The fourth section was a recreation of the “tiger” cages used by the South Vietnamese forces to imprison special prisoners. The cells were small and crowded, packed with more captives in summer than winter. Prisoners were treated as poorly by the South Vietnamese as American captives were by the North. Included in the exhibit was a guillotine used on prisoners.
The last building contained anti-war propaganda from the period – photos, posters and home-made signs from anti-war demonstrations around the world but especially from the US. It was as if the government were thumbing its nose at the US and others for not listening to the protesters.
The guide had simply left us to wander on our own and reappeared an hour later with no explanation or reaction. She was definitely not on the same level as Pho from Hoi An. Our next stop was at an art gallery. We didn’t know why this was on the tour but we soon figured it out. Since the paintings were almost all impressionistic Western-style works, we knew that this was not a chance to see the history of Vietnam or its art; it was an attempt to sell us art work. We challenged the selection and left within five minutes. We drove to the main Post Office, done in the French style, and the Notre Dame Cathedral, which wasn’t open.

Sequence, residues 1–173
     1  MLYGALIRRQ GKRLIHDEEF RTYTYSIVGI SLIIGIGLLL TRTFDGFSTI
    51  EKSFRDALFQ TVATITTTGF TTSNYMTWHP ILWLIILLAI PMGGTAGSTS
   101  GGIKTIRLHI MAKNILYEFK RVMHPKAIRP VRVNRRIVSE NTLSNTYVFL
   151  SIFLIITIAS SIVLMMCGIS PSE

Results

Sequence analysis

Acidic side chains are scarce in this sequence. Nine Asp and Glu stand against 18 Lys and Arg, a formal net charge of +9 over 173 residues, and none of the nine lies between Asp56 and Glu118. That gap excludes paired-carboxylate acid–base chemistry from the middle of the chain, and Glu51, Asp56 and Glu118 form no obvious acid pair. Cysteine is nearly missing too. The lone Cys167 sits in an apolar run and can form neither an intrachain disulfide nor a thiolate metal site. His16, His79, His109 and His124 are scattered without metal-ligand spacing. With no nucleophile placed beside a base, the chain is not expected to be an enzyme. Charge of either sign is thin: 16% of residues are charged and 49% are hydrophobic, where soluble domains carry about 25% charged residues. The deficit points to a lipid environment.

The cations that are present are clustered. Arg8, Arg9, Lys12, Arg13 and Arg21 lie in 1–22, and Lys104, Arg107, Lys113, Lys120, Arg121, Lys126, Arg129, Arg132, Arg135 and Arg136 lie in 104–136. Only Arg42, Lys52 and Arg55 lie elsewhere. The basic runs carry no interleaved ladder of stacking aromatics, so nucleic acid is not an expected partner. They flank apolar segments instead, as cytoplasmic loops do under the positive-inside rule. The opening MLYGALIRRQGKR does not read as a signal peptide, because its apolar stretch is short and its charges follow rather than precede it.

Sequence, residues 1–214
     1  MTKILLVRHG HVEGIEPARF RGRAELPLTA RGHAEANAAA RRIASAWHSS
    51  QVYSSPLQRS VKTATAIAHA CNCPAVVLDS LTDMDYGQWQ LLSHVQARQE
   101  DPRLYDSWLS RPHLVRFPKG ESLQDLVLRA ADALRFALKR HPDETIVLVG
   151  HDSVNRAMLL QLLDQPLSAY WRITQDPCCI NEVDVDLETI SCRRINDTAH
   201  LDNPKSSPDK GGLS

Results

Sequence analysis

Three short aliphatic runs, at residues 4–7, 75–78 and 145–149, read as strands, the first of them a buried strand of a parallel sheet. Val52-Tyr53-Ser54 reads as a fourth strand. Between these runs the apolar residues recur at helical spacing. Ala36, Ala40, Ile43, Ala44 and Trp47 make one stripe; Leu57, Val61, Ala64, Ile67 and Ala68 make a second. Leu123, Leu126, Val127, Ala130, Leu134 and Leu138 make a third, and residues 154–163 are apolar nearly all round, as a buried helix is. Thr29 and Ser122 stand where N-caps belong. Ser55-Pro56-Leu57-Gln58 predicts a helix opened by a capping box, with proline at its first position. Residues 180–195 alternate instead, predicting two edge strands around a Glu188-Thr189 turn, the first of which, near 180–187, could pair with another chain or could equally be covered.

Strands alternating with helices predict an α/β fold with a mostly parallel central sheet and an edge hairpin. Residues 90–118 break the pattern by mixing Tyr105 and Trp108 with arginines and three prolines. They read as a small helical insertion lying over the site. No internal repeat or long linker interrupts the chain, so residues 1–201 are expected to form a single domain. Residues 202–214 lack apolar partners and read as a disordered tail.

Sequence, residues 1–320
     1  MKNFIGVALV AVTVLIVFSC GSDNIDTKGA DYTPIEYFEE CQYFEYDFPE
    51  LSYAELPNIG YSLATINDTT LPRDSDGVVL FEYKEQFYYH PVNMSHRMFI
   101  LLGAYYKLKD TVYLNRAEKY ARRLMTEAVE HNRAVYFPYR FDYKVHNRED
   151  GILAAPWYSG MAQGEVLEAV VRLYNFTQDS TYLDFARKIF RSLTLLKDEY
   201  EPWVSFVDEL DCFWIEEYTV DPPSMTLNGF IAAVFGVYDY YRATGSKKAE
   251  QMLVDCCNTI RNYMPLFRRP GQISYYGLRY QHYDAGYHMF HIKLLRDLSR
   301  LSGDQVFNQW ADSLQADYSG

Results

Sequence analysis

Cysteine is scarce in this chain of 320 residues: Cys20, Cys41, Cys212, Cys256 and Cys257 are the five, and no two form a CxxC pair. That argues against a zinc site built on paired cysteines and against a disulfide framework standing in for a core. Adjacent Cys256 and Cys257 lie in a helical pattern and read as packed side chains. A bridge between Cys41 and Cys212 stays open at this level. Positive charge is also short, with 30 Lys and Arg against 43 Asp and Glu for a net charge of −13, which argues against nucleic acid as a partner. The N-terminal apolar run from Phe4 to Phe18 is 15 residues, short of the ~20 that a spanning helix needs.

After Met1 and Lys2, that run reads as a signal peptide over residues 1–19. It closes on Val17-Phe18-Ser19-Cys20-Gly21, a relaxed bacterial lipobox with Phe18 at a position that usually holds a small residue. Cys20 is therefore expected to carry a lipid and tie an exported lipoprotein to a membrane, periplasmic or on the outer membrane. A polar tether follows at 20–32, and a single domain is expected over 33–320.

It was time for lunch by now, almost 12:30, and we wanted noodles. The guide directed the driver to an eatery which specialized in pho [fuh], the national dish. Pho is a noodle-filled broth which can also contained any kind of meat imaginable. It is served with cilantro, basil, mint, lime, bean sprouts, soy sauce and chili paste, and, ideally, the diner doctors the pho to his personal taste. We were a little leery of the fresh produce and we were relieved when the guide said not to use much of it because it might ot be cleaned to our standards. That was enough to keep us from using any of it although D did add chili paste to his. Ed and Roxanne both ordered pho with brisket, D got his with chicken and MA chosethe vegetarian so she got the most noodles. Ed had a beer and the rest had Cokes – no glasses, just straws. Better safe than sick. Anyway, we all enjoyed the meal. Once again, we were the only Westerners in the place, safely seated on the third floor where the air conditioner was. All three levels were packed, and we got the last table upstairs.
After lunch, Girl Guide reappeared and we went to the Ben Thanh market, a square block of indoor shopping. It was designed as a square-within-a-square. The outer square contained government sanctioned stalls where the prices were fixed. Goods for sale included handicrafts, clothes and textiles. We walked the entire outer square and assumed, later, that the guide had no choice. The inner square was full of private merchants selling much of the same type of products but more aggressively. Here, one was expected to bargain up to 40% off of the price, but we didn’t buy anything. We were fascinated by the produce available here because many if not most items are not readily available in the States. The odor from the produce was off-putting, to be polite, and we saw no meat or fish stalls. Lots of vendors tried to sell us shirts, pants, watches and textiles off the bolt, but we were brave and tired. After a short drive through the heart of Saigon’s European section – home to the opera, city hall and high-end retailers, we headed back to the ship and cold towels.